Youth Helping Youth

Guest Blog Post by: Bev Clarke, Executive Director of LDAWE

As LDAWE programs and services grow, youth involvement… and more importantly, the contribution of youth in our community continues to grow!

Haunted House FundraiserOn October 31, 2015, Adam Wong and DECA students from Sandwich Secondary School will be hosting Haunted House at 1245 Minto, in Lasalle. Months of planning, building, marketing, recruiting actors, and requesting donations goes into creating the Haunted House. This year, Tim Hortons will be providing free hot chocolate and Bull’s Eye Pizza will be donating pizza to be sold by the slice. All those entering the house are asked to give a donation. Proceeds from the event will benefit LDAWE’s Youth Recreation Program.

Recently, youth assisted in a number of ways to ensure the success of our recent Instruments of Change Conference and Gala. Youth sat on the planning committee and assisted with set up and clean up. Madeline Doornaert, a Walkerville Secondary School student, coordinated the musical entertainment and performed. Talented secondary school students (WCCA performers under the direction of Patti Hopper, the Micelli Twins, Lauren Elliott, Natalie Culmone, Georgia Rose) performed throughout the evening.

University of Windsor students enrolled in the Odette School of Business’ Management and Organizational Life Course are required to engage in a fundraising activity to benefit a local charity. LDAWE has been fortunate to receive donations from eight groups of students in the past couple of years.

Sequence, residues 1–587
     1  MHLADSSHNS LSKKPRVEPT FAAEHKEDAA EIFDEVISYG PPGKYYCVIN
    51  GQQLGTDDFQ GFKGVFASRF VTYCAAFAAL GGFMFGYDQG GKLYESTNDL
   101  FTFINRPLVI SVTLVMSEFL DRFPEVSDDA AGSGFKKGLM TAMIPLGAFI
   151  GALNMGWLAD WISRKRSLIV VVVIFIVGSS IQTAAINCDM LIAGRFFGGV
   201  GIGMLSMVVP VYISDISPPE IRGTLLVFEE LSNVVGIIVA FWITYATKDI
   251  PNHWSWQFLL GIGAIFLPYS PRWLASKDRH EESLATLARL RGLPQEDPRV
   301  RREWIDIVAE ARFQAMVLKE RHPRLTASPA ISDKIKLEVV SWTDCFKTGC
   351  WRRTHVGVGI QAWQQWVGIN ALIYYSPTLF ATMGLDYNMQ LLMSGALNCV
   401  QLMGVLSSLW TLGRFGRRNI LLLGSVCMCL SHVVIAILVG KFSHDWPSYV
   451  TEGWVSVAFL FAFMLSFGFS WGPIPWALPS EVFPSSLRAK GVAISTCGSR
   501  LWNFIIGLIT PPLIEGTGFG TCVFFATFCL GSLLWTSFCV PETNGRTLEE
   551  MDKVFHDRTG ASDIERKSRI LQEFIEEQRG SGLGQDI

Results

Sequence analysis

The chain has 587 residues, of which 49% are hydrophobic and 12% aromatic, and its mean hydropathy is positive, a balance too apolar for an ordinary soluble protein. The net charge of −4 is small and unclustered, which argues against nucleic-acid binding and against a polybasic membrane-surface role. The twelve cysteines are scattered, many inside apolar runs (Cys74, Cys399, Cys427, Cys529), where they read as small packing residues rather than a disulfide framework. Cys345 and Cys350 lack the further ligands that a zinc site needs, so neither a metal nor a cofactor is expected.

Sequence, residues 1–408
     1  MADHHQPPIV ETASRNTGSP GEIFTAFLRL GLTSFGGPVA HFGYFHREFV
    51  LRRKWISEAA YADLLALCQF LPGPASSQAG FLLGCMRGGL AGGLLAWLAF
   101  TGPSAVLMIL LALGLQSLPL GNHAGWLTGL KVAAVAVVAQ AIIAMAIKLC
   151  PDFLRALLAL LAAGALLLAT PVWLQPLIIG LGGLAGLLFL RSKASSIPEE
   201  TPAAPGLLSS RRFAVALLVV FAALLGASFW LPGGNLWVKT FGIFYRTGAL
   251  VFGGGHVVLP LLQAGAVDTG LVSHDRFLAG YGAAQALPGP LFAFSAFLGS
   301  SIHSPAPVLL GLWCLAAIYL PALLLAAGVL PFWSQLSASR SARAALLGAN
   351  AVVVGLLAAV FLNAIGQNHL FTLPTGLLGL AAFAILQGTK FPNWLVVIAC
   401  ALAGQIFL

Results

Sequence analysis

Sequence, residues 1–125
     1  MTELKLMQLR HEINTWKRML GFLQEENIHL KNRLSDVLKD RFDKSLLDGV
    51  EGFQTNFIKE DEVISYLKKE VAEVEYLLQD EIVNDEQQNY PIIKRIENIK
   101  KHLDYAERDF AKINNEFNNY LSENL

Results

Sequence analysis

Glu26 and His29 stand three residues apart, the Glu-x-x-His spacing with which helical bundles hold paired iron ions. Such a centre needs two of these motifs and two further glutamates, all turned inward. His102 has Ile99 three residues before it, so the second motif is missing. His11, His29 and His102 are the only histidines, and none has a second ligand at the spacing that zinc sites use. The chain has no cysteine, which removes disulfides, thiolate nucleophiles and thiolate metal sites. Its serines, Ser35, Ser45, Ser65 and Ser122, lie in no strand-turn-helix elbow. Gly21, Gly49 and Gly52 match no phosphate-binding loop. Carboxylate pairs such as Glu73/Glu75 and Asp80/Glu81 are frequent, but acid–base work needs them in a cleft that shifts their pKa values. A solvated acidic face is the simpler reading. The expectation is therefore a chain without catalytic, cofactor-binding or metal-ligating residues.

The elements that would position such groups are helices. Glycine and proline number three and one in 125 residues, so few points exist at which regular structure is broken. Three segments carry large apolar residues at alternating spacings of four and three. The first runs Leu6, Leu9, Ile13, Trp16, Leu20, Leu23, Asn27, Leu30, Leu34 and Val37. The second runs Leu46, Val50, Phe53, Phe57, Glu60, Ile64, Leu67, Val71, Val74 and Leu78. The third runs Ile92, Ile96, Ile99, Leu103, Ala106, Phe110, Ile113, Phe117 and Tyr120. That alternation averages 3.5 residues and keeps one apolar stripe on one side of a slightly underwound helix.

This year, St. Clair College students in the Educational Support Program Club have selected LDAWE as the recipient of funds raised by the Club.

And last, but not least, the LDAWE has been fortunate to have the voice of a youth on the Board of Directors, as the Youth Consumer Representative. Rachel Baker and Donny Wilcox previously contributed to the Board, and currently, Lucas Lavoie represents youth at the Board table.

Youth Helping YouthLDAWE encourages youth involvement in a variety of ways, as program participants, volunteers, employees, secondary school co-op placements, and as Board members. LDAWE would like to thank all of the youth who have demonstrated a commitment to building a community partnerships that supports the work of the Association and ultimately assists in improving the availability of services for individuals with learning disabilities and ADHD in Windsor-Essex County.

A Time for Change… Student-Led Individual Education Plans

Guest Blog Post by: Bev Clarke, Executive Director of LDAWE

Self-AdvocacyHaving reviewed many Individual Education Plans (IEPs) that indicate the student should develop better self-advocacy skills, I am always curious to know how the student will learn to be an effective self-advocate.   Whose responsibility is it to explain the student’s learning disability; the legislation that outlines his/her rights; the services / supports / accommodations available; relevant language; and ultimately the policies and procedures to be followed, when engaging in self-advocacy? Is the psychologist that diagnoses, the parent, the teacher, the school administrator, or outside agency such as the Learning Disabilities Association responsible for teaching the student to be an effective self-advocate?